UK must settle its account if it wants Brexit talks to progress, says Guy Verhofstadt

Written by Martin Banks on 14 July 2017 in News
News

Uncertainty around UK’s Brexit divorce bill must ‘disappear’, says European Parliament’s negotiator.

European Parliament may 'make a nuisance of itself' if Brexit talks fail to make sufficient progress | Photo credit: Rob Grasso


The European Parliament’s Brexit point man Guy Verhofstadt has insisted Britain must accept a financial settlement is needed before moving to talks about trade and other issues.

The Belgian MEP told a parliamentary committee, “At this moment, we don’t even know if the UK recognises that there is a financial settlement to make. This uncertainty has, in my opinion, to disappear as fast as possible.”

His comments came on the eve of a visit to Brussels on Thursday by UK Labour party leader Jeremy Corbyn.


RELATED CONTENT


Corbyn held a meeting with the EU’s chief negotiator, Michel Barnier, which focused on the UK continuing to have access to the single market.

The British Labour leader discussed an alternative vision of Brexit during nearly two-and-half hours of talks with Barnier and his deputy negotiators.

Speaking separately at a foreign affairs committee meeting in parliament ahead of Corbyn’s Brussels visit, Verhofstadt told his fellow MEPs: "I think it’s the role of the parliament to scrutinise  if sufficient progress is made and to do that before the Council has taken a decision on this.

"If somebody says you have to make sufficient progress to go into the second phase of the negotiation, sufficient progress doesn’t mean a lot of progress in one file and no progress in another file.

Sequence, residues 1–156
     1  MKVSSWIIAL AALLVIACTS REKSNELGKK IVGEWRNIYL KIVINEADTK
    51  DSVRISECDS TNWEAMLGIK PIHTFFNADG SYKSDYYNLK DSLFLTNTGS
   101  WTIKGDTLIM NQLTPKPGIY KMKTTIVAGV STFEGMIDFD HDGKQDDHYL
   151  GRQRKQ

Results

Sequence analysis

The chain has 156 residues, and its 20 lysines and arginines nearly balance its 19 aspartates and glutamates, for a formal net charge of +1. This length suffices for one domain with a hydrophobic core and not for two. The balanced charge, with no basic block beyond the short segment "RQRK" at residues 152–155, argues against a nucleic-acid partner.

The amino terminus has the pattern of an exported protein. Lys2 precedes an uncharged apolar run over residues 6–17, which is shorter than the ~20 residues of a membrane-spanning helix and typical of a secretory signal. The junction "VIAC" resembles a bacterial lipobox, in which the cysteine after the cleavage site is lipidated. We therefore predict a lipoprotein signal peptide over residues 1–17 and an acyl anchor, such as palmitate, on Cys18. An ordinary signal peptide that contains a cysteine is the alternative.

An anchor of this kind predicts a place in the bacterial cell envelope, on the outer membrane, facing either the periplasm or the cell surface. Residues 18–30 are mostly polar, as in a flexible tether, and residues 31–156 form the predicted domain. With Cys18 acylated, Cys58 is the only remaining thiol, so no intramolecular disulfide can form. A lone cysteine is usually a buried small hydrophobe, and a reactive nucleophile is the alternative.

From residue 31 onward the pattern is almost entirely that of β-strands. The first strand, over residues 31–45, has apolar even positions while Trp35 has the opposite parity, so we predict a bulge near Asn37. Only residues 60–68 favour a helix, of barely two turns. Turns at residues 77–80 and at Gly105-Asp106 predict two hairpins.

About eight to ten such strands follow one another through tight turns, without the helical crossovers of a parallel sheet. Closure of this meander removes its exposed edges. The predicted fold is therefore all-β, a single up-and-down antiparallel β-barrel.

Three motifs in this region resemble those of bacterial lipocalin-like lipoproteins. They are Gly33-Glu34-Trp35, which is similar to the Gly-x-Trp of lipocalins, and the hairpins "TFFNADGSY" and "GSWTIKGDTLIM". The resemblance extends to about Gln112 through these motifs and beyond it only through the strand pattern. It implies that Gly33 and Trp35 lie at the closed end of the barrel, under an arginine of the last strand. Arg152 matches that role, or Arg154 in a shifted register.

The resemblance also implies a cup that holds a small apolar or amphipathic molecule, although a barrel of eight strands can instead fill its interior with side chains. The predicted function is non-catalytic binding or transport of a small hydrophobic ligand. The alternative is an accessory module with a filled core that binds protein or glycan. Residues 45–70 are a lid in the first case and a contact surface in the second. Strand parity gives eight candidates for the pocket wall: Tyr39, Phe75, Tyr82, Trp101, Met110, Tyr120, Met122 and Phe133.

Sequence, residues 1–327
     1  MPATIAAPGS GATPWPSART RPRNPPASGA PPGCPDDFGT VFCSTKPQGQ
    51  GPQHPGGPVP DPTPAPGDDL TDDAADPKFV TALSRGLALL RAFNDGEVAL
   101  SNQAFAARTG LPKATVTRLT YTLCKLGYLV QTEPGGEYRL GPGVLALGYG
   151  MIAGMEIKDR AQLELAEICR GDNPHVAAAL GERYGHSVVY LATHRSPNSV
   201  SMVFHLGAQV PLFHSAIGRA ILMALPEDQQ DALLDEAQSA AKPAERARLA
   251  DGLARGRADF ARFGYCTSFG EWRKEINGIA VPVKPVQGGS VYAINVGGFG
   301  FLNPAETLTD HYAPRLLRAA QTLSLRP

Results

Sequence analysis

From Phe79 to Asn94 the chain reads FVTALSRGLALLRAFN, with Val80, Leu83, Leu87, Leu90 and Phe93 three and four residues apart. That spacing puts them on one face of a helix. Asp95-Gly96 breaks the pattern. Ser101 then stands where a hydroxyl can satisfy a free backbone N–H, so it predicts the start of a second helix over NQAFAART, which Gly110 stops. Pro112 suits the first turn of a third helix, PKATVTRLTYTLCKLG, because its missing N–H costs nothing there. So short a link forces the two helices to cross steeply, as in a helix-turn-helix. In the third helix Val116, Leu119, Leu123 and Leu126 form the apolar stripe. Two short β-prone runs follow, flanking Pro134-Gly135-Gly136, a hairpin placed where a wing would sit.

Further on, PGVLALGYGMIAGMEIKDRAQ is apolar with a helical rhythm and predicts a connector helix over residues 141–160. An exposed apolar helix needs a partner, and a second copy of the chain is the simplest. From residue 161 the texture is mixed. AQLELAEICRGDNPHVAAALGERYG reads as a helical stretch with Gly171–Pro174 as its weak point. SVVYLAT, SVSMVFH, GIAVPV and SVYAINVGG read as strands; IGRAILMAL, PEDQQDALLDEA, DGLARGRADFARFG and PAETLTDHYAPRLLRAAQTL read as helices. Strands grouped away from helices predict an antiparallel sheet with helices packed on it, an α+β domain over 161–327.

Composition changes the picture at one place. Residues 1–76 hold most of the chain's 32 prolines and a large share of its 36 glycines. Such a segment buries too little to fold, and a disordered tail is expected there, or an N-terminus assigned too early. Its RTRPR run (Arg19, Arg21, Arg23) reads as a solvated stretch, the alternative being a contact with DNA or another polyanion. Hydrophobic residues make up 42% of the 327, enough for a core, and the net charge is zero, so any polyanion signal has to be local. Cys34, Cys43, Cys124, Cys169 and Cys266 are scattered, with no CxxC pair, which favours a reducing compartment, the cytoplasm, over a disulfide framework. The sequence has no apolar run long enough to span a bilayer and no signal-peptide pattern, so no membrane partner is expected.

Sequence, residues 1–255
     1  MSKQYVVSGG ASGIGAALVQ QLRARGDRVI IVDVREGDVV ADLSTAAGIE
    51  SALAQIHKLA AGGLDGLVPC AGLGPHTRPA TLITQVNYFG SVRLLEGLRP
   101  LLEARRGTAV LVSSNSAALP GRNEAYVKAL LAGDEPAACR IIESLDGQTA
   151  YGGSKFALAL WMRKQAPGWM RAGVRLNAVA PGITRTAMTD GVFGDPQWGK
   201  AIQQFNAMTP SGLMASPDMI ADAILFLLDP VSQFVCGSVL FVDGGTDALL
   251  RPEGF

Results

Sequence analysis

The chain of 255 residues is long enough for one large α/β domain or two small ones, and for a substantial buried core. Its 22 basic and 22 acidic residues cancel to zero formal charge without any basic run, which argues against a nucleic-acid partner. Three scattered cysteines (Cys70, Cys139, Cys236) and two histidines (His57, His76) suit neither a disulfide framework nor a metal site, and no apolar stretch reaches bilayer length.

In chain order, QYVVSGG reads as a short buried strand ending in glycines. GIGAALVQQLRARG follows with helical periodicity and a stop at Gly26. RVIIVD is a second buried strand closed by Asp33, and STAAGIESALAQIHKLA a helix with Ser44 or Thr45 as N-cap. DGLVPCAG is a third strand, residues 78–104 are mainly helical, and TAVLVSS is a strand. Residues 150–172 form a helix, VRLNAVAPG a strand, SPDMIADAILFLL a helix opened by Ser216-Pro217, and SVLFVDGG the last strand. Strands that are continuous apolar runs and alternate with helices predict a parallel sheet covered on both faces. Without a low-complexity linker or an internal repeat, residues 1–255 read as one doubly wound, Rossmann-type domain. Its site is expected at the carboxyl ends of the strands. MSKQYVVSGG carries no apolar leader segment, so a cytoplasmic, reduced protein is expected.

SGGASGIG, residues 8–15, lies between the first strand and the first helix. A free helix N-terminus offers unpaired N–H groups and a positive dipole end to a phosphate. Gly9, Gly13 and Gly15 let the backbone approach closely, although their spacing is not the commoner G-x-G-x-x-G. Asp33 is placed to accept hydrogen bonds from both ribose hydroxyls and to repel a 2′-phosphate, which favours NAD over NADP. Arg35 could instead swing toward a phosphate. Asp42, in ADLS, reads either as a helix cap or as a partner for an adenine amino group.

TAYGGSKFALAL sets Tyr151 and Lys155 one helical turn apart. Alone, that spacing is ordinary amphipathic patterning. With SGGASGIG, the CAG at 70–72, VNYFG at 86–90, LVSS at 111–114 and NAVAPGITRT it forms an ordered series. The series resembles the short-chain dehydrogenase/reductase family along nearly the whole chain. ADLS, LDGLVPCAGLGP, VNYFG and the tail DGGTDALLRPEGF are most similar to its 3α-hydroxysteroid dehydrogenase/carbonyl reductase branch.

"That is not sufficient progress. It cannot be one of the elements of the negotiations mostly done and all the rest we have not even started - that is not sufficient."

The EU is insisting that citizens’ rights, the financial settlement and the border situation in Northern Ireland are all satisfactorily sewn up before the negotiations move on to future relations.

But Verhofstadt said the UK needs to pay a divorce bill to leave the club after UK foreign secretary Boris Johnson said the bloc could "go whistle".

The Belgian MEP also addressed the constitutional affairs on Wednesday with an update on the talks. MEPs discussed recent developments related to the UK’s withdrawal from the EU with Verhofstadt.

He assessed the progress of the negotiations ahead of the next week’s second round of formal discussions between EU and UK government officials on 17 July. Talks began the on 19 June.

“At this moment, we don’t even know if the UK recognises that there is a financial settlement to make. This uncertainty has, in my opinion, to disappear as fast as possible” Guy Verhofstadt

The European Parliament has already outlined its key principles and conditions for approving the UK's withdrawal agreement. Any final Brexit agreement will need to win the approval of a majority of MEPs.